players as they kept revising each other’s Dino-
saurs and stealing and restealing prestige. I should
point out that by the next game new rivalries
appeared, old ones were forgotten, and the largest
Figure 2. Stegosaurus Dinosaur card. Figure 3. Head Bone card.
argument of the first night of game play was
whether we should read all the cards first or be sur-
prised at what cards appeared in play. The players
around my table identified three main strategies to
win the game. A “quick and dirty” strategy in which
a Dinosaur is described as fast as possible but is
very susceptible to revision, a “slow but precise”
strategy in which a Dinosaur is described if it is
nearly complete and/or the Bone cards correspond
exactly to the Dinosaur, and a “revisionist” strategy
in which the player only revises other players’
Dinosaurs and cannot lose prestige through revi-
sion because they do not produce anything them-
selves. If this sounds at all like the practice of
paleontology, it is probably on purpose. The cre-
ators have managed to capture different aspects of
taxonomy, publication, and fieldwork in card form.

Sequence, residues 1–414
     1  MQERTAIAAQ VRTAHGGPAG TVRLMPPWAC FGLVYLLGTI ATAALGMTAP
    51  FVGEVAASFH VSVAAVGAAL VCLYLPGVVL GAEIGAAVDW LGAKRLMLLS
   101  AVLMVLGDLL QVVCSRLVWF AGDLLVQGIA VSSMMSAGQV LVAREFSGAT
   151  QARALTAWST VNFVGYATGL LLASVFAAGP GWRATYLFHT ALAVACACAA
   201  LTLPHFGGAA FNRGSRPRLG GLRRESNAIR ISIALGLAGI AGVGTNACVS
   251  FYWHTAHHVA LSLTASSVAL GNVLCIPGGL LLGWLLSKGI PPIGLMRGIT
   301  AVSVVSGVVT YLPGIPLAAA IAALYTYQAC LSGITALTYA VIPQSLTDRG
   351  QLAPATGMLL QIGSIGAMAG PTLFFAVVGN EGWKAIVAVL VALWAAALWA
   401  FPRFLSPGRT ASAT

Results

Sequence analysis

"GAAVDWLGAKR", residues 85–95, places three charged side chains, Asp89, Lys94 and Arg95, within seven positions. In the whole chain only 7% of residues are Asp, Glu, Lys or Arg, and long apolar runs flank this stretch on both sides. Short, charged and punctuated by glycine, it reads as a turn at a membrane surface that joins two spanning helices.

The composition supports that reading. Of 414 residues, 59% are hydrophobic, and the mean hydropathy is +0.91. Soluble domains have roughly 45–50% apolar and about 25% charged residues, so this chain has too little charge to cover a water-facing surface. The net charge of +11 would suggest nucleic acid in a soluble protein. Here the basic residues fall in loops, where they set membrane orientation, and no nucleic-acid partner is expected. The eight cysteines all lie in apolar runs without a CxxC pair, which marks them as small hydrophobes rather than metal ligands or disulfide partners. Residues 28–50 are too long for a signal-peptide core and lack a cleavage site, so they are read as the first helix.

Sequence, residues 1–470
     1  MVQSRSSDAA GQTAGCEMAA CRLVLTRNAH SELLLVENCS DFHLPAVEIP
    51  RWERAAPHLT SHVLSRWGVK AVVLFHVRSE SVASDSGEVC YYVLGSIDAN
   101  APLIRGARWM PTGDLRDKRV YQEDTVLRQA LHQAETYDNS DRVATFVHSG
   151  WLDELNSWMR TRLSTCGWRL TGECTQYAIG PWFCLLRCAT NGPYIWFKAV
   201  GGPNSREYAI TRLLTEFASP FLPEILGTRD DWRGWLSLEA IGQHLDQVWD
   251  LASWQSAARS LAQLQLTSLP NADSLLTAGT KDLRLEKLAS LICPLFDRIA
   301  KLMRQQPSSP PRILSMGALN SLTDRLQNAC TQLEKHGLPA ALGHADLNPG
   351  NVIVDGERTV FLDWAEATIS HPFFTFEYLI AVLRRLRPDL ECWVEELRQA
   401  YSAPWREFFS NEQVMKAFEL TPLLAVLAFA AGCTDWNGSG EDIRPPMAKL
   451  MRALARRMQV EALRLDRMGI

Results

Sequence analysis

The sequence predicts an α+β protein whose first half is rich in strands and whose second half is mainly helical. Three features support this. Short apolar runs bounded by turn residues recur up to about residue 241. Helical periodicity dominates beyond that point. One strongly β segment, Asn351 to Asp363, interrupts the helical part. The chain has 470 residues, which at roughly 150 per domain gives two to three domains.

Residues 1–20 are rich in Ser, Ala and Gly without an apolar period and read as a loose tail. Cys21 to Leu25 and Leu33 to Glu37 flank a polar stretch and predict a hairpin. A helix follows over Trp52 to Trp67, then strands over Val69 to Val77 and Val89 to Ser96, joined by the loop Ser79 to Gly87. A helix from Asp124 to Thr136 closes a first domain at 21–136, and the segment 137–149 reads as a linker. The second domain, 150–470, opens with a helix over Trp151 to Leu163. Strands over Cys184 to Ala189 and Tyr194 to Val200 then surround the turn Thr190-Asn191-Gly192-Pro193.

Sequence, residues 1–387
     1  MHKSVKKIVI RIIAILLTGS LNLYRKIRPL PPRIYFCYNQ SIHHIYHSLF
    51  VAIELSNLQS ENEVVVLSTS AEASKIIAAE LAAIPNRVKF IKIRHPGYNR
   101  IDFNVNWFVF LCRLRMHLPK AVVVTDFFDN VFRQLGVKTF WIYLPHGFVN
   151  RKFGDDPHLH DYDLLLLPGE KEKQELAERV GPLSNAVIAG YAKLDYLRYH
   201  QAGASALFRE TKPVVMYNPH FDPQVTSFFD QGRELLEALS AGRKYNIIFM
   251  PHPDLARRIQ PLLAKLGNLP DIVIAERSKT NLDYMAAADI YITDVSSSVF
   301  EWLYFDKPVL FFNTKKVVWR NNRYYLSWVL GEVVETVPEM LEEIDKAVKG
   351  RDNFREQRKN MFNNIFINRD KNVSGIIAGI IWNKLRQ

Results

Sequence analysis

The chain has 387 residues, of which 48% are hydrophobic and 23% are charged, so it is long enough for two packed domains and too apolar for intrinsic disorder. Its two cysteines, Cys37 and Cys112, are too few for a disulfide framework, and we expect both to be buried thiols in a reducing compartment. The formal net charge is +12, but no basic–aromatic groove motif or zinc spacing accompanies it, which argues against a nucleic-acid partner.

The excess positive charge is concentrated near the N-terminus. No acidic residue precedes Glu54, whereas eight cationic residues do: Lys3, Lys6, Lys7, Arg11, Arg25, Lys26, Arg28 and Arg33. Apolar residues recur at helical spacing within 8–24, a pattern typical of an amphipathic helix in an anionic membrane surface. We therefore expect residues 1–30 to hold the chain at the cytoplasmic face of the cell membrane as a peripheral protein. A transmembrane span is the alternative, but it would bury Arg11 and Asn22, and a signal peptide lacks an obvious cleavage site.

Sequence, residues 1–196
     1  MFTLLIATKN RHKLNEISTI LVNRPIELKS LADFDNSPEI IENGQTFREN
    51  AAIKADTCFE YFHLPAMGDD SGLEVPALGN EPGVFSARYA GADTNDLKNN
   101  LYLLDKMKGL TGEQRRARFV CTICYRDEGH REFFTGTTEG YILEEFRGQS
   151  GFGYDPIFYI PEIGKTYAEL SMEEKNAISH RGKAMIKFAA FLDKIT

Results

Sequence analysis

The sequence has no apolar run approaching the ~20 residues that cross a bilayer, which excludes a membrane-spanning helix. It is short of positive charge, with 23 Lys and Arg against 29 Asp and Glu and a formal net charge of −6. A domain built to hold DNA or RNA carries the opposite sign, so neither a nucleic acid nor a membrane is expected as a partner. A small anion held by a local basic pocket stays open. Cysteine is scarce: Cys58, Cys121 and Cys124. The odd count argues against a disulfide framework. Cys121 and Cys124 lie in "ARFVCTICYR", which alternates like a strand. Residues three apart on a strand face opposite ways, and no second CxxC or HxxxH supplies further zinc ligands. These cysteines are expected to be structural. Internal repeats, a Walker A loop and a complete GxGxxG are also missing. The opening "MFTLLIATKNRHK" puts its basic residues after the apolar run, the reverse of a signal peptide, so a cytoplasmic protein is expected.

Many of the cards will sound familiar such as Wait
Until He’s Dead, Switching Labels, and Mining the
The game is not without it’s issues, but there
are only two that think bear mentioning. In Bone
Wars there are three Field Crew cards. These are
the only Event cards that remain in play and give
you an advantage while they remain in play. How-
ever, there are also three other Event cards that let
players steal Field Crew cards (Better Food, Better
Pay, and Cask of Whiskey). Often, by the time a
player plays a Field Crew another player has a
card that will take it from him or her. A player must
decide if they even want to play a Field Crew know-
ing it will likely come back to bite them. Field Crews
also have their own section in the instructions to
explain the special rules centered around these
three cards. Field Crews probably could have been
left out or made a larger part of the game to inte-
grate them better with the rest of the game. I would
prefer the latter; I always take my chances and
play the Field Crew cards.
The other issue is one about game play. The
instructions are quite short for a game of this type.
The entire set if rules can fit on the two sides of an
8 1/2 by 11 inch sheet of paper. Terse instructions
are generally a good idea for card games and the
game has obviously been well play tested (the
credits list 17 play testers), but one more aspect
should be included. Many CCG’s have rules about
timing, that is, what order certain cards or effects
take affect if they happen at the about same time.
Multiple Event cards can be played at the same
time by different players, and it sometimes it has to
be decided what order they should take affect. At
my table, we decided to resolve the Events in the
order they were played from last to first. This
mechanic is used by many CCG’s and works quite
well. Players not familiar with this type of card
games might find it counter-intuitive. “By the book”
players may want to tap on the table or otherwise